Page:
Researchers tackle cancer stem cells to counter triple-negative breast cancer
Nearly one out of five breast cancer patients has triple-negative breast cancer — an aggressive type of tumor that often returns despite treatment. This cancer can defy conventional therapy, and breast cancer stem cells may be to blame, explains City of Hope’s George Somlo, M.D., F.A.C.P. in this video.
Somlo, co-director of City of Hope’s Breast Cancer Program, says that successful, modern therapies like Herceptin target receptors found on the surface of most breast cancer cells. But triple-negative breast cancers have none of those receptors. They can resist other drug treatments, too, because their cells appear to act like cancer stem cells. Cancer stem cells can survive chemotherapy and radiation and then spread to other parts of the body.
But Somlo has joined with researchers at Stanford University to go after these stem cells. With major funding from the National Institutes of Health, the scientists are looking at triple-negative breast cancers in different ethnic groups and studying the characteristics of these cells. By understanding how the cells are different from other cancer cells and healthy breast cells, they hope to find pathways that are critical to the cells’ survival. Once they find those pathways, they can test drugs to block them.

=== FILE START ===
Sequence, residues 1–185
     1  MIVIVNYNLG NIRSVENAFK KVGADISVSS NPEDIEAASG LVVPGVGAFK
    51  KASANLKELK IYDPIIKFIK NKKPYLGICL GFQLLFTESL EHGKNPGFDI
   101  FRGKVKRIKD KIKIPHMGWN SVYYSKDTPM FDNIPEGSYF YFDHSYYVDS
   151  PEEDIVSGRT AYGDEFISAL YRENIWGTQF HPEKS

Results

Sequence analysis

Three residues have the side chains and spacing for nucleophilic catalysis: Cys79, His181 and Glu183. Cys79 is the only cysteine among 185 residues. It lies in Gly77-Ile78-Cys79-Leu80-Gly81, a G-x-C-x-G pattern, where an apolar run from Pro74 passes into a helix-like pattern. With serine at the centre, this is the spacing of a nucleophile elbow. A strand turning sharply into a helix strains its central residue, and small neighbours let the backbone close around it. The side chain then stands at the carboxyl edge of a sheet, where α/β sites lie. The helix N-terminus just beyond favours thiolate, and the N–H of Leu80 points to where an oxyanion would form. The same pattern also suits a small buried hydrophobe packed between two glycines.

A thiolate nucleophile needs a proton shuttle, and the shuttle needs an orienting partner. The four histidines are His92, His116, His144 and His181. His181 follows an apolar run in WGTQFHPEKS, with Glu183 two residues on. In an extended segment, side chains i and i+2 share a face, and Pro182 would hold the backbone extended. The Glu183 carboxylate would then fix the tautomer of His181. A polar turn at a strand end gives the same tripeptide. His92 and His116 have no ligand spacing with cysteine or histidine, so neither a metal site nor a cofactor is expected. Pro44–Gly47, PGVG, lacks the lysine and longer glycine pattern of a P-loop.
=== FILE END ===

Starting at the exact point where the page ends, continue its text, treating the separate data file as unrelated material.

Interested in learning more about the future of treatment for triple-negative breast cancer? Medical oncologist Thehang Luu, M.D., recently answered a few questions in City of Hope’s eHope newsletter about treatment directions for triple-negative breast cancer. For more about breast cancer clinical trials at City of Hope, visit Clinical Trials On-Line and select breast cancer from the menu.